Whoever wins the race could face one of several Democrats vying for City Hall. This includes City Council Speaker Christine Quinn; Public Advocate Bill de Blasio; Comptroller John Lui; and former Comptroller and 2009 mayoral candidate Bill Thompson.

Despite an overwhelmingly Democratic City Council, the Republicans have virtually held the Mayor’s Office for 20 years. Giuliani won in 1993 and 1997; Mayor Michael Bloomberg won as a Republican in 2001 and 2005 before running as an independent in 2009.

Comptroller Liu delivers State of the City

| brennison@queenscourier.com

Raising the minimum wage, providing free college tuition and ending corporate welfare were among the myriad of topics touched on during Comptroller John Liu’s State of the City speech last week.

After a pre-speech show featuring a children’s choir, interpretive dancers and violinists, the presumptive mayoral hopeful delivered his second State of the City speech this year which focused heavily on ways to aid the city’s working and middle classes to a packed room at John Jay College on Thursday, December 20.

“If we are serious about narrowing the wealth gap we need to have the courage to pay all people a livable minimum wage,” Liu said.

The comptroller said due to the city’s high cost of living, the effective minimum wage in the five boroughs was less than $4, the lowest in the country. Liu called for the current $7.25 an hour rate to be raised over five years to $11.50.

Ensuring more residents graduate from high school and college is one way for more residents to earn a decent living, the comptroller said.

Currently, four out of five high school students in the city do not graduate from college, according to the comptroller. Skyrocketing tuition costs is one reason behind the high number of students without a bachelor’s degree. Liu suggested offering the top 10 percent of students at public schools free tuition at any CUNY school.

“The offer of free tuition would help motivate students and elevate CUNY, one of our city’s most valuable gems, to the level of a competitive prize,” said Liu. “It would also be a lifesaver for many working families who are struggling to send their kids to college.”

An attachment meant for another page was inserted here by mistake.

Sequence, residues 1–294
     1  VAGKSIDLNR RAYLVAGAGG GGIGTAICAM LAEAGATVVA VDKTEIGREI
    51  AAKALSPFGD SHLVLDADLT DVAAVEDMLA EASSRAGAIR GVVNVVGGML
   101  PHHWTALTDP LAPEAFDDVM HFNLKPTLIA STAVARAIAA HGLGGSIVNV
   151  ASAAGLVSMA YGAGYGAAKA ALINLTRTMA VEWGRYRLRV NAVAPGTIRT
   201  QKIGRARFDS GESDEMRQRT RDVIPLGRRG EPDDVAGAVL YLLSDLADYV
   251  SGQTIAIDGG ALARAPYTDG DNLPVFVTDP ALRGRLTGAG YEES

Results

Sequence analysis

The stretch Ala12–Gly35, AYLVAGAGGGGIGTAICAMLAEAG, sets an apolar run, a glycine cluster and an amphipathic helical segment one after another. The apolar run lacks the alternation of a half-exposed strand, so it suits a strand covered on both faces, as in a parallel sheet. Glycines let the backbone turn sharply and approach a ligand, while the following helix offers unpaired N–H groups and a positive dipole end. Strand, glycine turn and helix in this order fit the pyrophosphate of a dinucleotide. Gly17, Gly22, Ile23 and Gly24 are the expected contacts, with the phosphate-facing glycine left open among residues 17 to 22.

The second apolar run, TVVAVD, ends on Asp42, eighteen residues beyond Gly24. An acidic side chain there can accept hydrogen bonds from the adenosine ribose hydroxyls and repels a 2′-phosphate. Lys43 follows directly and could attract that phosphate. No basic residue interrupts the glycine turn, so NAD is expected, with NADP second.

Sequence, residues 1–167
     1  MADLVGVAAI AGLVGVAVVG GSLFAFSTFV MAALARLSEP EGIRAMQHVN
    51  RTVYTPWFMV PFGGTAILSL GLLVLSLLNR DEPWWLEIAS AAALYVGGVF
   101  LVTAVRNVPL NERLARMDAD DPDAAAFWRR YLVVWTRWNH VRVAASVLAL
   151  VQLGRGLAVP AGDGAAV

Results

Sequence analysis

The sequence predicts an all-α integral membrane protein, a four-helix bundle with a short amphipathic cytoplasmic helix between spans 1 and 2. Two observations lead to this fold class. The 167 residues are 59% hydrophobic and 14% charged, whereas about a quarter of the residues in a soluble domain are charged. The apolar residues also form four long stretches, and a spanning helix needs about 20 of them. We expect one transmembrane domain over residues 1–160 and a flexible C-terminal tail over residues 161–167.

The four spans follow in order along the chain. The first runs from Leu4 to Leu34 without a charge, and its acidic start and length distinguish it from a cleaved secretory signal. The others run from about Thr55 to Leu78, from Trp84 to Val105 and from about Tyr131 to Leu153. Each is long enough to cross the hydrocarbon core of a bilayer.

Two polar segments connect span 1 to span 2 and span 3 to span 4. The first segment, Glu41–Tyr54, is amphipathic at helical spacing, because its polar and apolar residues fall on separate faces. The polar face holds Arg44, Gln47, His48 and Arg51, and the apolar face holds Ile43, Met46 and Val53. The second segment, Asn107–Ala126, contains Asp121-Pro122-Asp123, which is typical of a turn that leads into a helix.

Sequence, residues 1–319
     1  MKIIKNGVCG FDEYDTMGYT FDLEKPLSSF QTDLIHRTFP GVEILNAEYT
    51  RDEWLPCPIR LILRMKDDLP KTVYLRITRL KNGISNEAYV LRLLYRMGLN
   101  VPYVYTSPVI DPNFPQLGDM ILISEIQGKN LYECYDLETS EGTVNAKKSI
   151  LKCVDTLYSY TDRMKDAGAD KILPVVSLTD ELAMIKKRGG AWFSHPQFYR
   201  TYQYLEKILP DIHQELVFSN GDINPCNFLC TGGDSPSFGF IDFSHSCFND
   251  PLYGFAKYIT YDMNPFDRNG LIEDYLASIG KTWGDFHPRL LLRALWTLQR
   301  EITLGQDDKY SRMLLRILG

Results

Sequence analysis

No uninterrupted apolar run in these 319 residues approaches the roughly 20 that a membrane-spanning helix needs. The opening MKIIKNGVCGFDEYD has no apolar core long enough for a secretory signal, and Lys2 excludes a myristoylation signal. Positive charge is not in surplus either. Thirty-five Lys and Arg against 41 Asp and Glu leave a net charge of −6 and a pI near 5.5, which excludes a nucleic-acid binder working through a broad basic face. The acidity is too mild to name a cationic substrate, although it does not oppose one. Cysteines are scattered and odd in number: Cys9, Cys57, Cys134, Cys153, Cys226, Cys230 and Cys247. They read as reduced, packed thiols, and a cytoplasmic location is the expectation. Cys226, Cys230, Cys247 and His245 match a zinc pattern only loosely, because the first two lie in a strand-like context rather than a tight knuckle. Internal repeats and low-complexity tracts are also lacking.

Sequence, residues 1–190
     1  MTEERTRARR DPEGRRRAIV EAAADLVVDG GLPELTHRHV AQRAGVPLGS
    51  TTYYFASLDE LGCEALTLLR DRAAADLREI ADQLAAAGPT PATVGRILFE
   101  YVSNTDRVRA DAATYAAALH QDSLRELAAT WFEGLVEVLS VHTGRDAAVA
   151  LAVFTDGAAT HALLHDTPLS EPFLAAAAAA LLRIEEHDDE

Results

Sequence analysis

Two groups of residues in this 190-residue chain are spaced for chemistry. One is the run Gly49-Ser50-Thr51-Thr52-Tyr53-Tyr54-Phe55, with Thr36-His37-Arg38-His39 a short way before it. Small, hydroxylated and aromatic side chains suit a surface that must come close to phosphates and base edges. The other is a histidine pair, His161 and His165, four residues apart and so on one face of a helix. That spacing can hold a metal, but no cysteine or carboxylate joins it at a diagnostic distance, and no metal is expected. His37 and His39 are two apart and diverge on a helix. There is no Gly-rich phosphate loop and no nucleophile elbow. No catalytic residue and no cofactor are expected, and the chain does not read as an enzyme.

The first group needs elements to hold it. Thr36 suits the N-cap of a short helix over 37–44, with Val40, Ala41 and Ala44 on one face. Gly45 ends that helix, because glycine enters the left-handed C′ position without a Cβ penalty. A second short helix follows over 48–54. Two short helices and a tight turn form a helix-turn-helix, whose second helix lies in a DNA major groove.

Madison Square Garden also found itself in Liu’s crosshairs during the talk.

“Why has Madison Square Garden been awarded a $15 million a year real-property tax exemption?” Liu asked.

Eliminating tax breaks and corporate welfare handed out to big companies would raise hundreds of millions of dollars in revenue for the city, Liu said. More than $250 million was handed out last year to a handful “of lucky and well-connected businesses,” he said.

While big businesses enjoy tax breaks, many smaller businesses struggle under the weight of taxes and fines. Liu unveiled a series of proposals to reduce taxes and fines by $500 million for small businesses. Fines doubled over the past decade, Liu said.

“While fines are sometimes a necessary evil to protect public safety and health, they should not be used just to generate revenue for the city,” he said.

Quinn leads crowded field for 2013 mayoral nod; More than a third of voters still undecided

| brennison@queenscourier.com


Council Speaker Christine Quinn remained at the head of the field in the 2013 mayoral race, though her once wide margin has shrunk.

NY1-Marist Poll released a poll surveying registered city voters on next year’s race for mayor with Quinn coming out on top with the support of 23 percent of Democrats. She was followed by former Comptroller Bill Thompson with 15 percent, Comptroller John Liu at 9 percent and Public Advocate Bill de Blasio with 8 percent.

With any primary at least eight months away, 37 percent of Democratic voters remain undecided.

“There’s still a long way to go before Democrats go to the polls,” says Dr. Lee M. Miringoff, director of The Marist College Institute for Public Opinion.

The amount of undecided voters actually increased from the last poll in April, when under 30 percent of voters were unsure. Quinn’s lead also shrunk over the past six months. In April, she held a 20 point lead over Thompson.

Manhattan Media CEO Tom Allon received 2 percent in the poll, double his support from the first poll, though he no longer is a registered Democrat. The poll was conducted before Allon switched parties to run in a less-crowded Republican field.

Forty-six percent of voters in the city do not want another possible Republican candidate — Police Commissioner Ray Kelly — to run.

Despite rumors of former Congressmember Anthony Weiner considering a 2013 run, 58 percent of voters said they do not want him to enter the race. Weiner fared better than actor Alec Baldwin, who two-thirds of New Yorkers do not want to see run.

Whoever takes over the office will be following a mayor 12 percent of voters will believe will be remembered one of the city’s best mayors. Forty-three percent of voters believe Mayor Michael Bloomberg will leave a positive legacy and 8 percent think he’ll be considered one of the city’s worst mayors.

MTA to hike fares in ’13, ’15 & ’17

| brennison@queenscourier.com

File photo